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The Invention of Women

Making an African Sense of Western Gender Discourses

1997
Author:

Oyeronke Oyewumi

The Invention of Women

Considers the meaning of gender in an African context.

The “woman question,” this book asserts, is a Western one, and not a proper lens for viewing African society. Rethinking gender as a Western construction, Oyewumi offers a new way of understanding both Yoruban and Western cultures.

Winner of the American Sociological Association Sex & Gender Section's 1998 "Distinguished Book Award."

Oyeronke Oyewumi's startling analysis greatly advances the postcolonial mapping of the distinctively European that has been developing in recent decades. This Europology traces how Western privileging of the visual insures that social constructivism and biological determinism cannot be mutually exclusive in Western cultures. Gender categories were one kind of bio-logic ‘new tradition’ that European colonialism institutionalized in Yoruba as well as other cultures. Contemporary Western feminisms have unwittingly continued to extend their discursive empire. Oyewumi's account enables the reader to begin to envision what is difficult to imagine within Western feminism a world ‘after gender.’ This study makes a major contribution not only to feminist and African studies, but also to philosophy, sociology, and social theory more generally.

Sandra Harding, University of California, Los Angeles

The “woman question,” this book asserts, is a Western one, and not a proper lens for viewing African society. A work that rethinks gender as a Western construction, The Invention of Women offers a new way of understanding both Yoruban and Western cultures.

Author Oyeronke Oyewumi reveals an ideology of biological determinism at the heart of Western social categories-the idea that biology provides the rationale for organizing the social world. And yet, she writes, the concept of “woman,” central to this ideology and to Western gender discourses, simply did not exist in Yorubaland, where the body was not the basis of social roles.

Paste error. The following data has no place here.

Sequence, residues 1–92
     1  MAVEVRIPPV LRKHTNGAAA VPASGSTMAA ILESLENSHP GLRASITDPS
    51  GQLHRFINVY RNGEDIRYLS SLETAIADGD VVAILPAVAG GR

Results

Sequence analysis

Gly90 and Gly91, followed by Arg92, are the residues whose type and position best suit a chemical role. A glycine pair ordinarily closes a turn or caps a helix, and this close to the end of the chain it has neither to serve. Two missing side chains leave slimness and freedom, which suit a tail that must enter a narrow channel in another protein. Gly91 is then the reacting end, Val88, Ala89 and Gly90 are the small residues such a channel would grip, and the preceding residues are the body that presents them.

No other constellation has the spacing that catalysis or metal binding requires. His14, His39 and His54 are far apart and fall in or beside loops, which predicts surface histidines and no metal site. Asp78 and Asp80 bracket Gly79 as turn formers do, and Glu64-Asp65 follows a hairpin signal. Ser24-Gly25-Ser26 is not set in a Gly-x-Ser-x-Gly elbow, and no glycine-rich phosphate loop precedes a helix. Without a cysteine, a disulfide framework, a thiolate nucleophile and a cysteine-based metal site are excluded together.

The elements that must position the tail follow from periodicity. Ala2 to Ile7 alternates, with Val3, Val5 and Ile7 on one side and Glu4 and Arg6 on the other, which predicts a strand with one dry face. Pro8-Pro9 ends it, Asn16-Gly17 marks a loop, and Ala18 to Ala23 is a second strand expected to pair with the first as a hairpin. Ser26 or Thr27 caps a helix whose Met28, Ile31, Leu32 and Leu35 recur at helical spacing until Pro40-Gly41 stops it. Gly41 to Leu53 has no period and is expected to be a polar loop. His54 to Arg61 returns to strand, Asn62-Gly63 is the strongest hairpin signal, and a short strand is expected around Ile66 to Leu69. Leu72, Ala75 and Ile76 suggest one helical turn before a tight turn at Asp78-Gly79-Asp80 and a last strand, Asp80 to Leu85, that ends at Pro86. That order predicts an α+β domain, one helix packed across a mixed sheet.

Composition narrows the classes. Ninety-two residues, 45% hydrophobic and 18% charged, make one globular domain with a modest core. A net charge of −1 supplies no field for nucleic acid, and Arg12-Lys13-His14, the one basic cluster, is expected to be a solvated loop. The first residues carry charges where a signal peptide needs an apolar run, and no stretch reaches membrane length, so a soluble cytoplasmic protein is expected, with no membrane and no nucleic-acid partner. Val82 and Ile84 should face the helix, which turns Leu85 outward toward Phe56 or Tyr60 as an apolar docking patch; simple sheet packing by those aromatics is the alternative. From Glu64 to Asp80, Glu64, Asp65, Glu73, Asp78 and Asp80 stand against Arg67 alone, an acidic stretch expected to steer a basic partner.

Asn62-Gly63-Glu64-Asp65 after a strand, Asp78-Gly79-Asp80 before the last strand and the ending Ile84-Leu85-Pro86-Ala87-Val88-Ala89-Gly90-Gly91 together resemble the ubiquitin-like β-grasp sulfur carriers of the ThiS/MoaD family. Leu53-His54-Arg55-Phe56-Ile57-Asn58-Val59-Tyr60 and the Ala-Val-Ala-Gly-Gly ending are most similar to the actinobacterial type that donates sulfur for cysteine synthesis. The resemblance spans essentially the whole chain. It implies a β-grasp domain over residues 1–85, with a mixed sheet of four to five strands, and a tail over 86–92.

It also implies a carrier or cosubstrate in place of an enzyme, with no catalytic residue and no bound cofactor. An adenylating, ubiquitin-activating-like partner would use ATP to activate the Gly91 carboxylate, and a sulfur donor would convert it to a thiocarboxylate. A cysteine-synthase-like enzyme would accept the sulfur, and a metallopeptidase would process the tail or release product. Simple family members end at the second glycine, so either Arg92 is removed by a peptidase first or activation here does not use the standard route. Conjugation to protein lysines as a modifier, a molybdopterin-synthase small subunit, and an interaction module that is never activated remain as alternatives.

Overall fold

Oyewumi traces the misapplication of Western, body-oriented concepts of gender through the history of gender discourses in Yoruba studies. Her analysis shows the paradoxical nature of two fundamental assumptions of feminist theory: that gender is socially constructed and that the subordination of women is universal. The Invention of Women demonstrates, to the contrary, that gender was not constructed in old Yoruba society, and that social organization was determined by relative age.

A meticulous historical and epistemological account of an African culture on its own terms, this book makes a persuasive argument for a cultural, context-dependent interpretation of social reality. It calls for a reconception of gender discourse and the categories on which such study relies. More than that, the book lays bare the hidden assumptions in the ways these different cultures think. A truly comparative sociology of an African culture and the Western tradition, it will change the way African studies and gender studies proceed.

Awards

American Sociological Association Sex & Gender Section's Distinguished Book Award winner

The Invention of Women

Oyeronke Oyewumi is assistant professor in the Department of Black Studies at the University of California, Santa Barbara.

The Invention of Women

Oyeronke Oyewumi's startling analysis greatly advances the postcolonial mapping of the distinctively European that has been developing in recent decades. This Europology traces how Western privileging of the visual insures that social constructivism and biological determinism cannot be mutually exclusive in Western cultures. Gender categories were one kind of bio-logic ‘new tradition’ that European colonialism institutionalized in Yoruba as well as other cultures. Contemporary Western feminisms have unwittingly continued to extend their discursive empire. Oyewumi's account enables the reader to begin to envision what is difficult to imagine within Western feminism a world ‘after gender.’ This study makes a major contribution not only to feminist and African studies, but also to philosophy, sociology, and social theory more generally.

Sandra Harding, University of California, Los Angeles

Oyewumi’s book is a departure from the majority of feminist writers on Africa. She goes further to show a society almost unintelligible using the common set of presumptions in feminist literature about how society is organized. Her indignation is real and forceful and her research and lucid presentation admirable.

Modern African Studies

Oyewumi's work is an extremely interesting study that forces readers to rethink some of the accepted notions of colonialism.

National Women's Studies Association Journal